Condenser fan motor sustitute

Martin Eastburn wrote:


Martin, most new broadcast transmitters are all solid state. The last tube final transmitter I maintained used three 65 KW EEV Klystrons for a 5 MW EIRP output on NTSC TV ch. 55 with the antenna on a 1700' tower. It was a Comark, and was built around 1985. It was water cooled, along with the smaller RCA TTU25B that I used to build WMRX ch. 58 in Destin Florida.
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Those are small. But almost reasonable for a home rig :-)
Consider those that drive the largest phase array radar in the world ? How about those that drive the CERN toys.
Some of the 3' and 6' are used on linear accelerators to make radioactive isotopes for treatments and machines.
Then there are those along the long SLAC that drives beams near the speed of light. Big stuff.
The largest ones - the base commander had a pair placed at the front gate like missiles. Seems the maker, a large mil company, got the mechanical specs inside off. They were to big to ship back and the plant used them as stick in the eye of the local rep every day. No longer there and the plant outside area is a bit different.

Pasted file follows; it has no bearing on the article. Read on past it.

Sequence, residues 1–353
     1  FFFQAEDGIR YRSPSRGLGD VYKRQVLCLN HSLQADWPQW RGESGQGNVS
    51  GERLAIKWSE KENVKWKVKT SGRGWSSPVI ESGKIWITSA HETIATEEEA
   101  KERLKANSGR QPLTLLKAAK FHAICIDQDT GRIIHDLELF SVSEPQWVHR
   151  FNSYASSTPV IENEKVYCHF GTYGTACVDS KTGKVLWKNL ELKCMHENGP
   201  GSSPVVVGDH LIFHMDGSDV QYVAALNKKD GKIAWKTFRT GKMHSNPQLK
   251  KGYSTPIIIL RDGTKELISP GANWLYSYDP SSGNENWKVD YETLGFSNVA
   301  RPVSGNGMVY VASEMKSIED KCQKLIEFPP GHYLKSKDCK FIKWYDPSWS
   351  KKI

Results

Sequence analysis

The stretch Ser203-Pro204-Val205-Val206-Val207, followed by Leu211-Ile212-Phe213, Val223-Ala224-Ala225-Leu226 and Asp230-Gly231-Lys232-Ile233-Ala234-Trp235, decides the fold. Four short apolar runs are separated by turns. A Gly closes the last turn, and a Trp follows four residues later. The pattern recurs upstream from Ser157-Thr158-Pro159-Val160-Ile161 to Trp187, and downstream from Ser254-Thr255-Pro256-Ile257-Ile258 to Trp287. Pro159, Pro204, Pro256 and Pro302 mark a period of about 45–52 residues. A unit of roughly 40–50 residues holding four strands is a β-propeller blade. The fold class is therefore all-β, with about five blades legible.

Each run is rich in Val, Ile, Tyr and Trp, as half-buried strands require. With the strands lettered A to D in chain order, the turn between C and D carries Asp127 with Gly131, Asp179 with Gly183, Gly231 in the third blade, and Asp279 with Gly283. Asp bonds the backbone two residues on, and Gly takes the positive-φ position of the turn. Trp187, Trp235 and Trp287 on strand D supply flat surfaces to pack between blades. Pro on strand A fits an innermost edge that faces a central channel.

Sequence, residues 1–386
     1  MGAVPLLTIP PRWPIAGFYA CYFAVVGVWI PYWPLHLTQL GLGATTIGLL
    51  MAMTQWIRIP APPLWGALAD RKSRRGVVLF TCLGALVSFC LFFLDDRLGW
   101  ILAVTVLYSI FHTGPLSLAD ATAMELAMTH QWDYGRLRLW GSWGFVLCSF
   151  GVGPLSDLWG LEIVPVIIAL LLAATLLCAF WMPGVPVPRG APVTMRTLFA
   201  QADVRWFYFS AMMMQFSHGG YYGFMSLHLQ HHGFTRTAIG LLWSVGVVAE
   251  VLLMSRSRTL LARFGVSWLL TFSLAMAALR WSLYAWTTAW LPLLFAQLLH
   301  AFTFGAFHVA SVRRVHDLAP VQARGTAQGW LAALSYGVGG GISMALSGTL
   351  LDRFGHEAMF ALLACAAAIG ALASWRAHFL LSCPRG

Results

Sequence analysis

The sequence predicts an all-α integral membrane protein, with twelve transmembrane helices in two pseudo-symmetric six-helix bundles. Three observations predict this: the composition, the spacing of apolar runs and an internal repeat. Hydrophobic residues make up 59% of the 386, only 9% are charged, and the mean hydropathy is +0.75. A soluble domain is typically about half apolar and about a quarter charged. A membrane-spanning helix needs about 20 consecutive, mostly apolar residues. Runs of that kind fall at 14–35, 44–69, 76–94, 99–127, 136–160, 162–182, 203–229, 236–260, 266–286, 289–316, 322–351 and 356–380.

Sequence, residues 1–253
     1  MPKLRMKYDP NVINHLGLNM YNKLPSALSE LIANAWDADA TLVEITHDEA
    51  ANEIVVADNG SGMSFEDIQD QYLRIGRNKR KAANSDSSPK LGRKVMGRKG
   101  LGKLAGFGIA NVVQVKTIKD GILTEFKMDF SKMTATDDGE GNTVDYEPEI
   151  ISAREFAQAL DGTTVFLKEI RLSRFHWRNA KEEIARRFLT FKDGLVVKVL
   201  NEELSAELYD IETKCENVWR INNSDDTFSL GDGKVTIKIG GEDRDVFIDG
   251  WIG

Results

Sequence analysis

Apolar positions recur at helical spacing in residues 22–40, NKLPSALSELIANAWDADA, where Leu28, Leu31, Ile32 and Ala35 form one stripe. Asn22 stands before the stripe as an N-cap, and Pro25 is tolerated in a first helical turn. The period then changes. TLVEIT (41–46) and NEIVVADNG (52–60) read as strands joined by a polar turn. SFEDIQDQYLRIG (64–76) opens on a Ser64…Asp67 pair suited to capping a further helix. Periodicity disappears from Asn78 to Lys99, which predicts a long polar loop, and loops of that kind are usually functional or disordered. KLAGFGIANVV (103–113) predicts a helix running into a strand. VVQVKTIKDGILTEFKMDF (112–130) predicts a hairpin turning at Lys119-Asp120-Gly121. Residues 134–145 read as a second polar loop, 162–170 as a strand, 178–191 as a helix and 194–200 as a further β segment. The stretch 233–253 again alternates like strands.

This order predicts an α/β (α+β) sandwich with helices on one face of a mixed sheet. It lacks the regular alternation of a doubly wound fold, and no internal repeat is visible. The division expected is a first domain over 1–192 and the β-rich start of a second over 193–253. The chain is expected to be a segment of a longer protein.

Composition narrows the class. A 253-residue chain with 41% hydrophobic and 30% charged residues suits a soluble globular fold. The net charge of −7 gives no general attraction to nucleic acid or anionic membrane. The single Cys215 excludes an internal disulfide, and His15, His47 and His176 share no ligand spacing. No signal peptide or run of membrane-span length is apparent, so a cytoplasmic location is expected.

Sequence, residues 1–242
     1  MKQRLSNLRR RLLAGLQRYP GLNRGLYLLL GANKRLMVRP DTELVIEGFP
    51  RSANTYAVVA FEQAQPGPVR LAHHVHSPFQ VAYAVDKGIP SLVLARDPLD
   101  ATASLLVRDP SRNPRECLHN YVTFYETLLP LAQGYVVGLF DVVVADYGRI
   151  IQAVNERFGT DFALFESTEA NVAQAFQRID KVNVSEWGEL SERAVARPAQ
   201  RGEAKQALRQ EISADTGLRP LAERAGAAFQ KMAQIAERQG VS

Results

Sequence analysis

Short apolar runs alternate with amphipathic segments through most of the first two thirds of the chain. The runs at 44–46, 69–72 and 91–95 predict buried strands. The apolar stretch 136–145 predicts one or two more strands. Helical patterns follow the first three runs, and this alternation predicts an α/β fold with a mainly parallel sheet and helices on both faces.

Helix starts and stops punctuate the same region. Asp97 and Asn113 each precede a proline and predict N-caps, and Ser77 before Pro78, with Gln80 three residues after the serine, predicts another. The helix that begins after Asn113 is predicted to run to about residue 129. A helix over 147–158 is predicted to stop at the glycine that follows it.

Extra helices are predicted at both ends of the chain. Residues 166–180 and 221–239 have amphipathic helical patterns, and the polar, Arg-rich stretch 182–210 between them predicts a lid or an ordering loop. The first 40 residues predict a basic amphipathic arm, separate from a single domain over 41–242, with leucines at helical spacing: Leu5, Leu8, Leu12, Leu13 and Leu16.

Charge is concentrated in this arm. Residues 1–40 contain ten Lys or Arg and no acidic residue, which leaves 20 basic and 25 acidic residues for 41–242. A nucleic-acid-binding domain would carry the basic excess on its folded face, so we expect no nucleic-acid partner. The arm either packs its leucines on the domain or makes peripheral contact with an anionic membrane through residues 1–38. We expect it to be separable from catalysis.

You know they are big when you can unbolt the side plate to replace the filament. Naturally you are in a hard RAD suit at the time.
Martin
On 8/22/2015 9:08 PM, Michael A. Terrell wrote:

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On 8/18/2015 9:18 AM, Michael A. Terrell wrote:

For the time machine?
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Tom Gardner wrote:

No, for the chroma circuit on every cheap assed tube type color TV. You could find up to seven bad tubes in a single TV. :(
The time machine used a Z80B. ;-)
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On 2015-08-18, Lloyd E. Sponenburgh <lloydspinsidemindspring.com> wrote:

    And, depending on the failure mode, it can make diagnosis a bit more complex. Mine, when it failed, had the connection of the common of the two caps to the common output terminal open, so in effect there was a smaller value cap between the two load points. That was enough to start the fan (with the compressor acting as a virtual ground), but far too small to start the compressor, so it kept cycling, with the current limit opening and then re-closing a few minutes later, resulting in a repeated dimming of lights. And, when it tried to check it, it appeared that the cap was good. :-)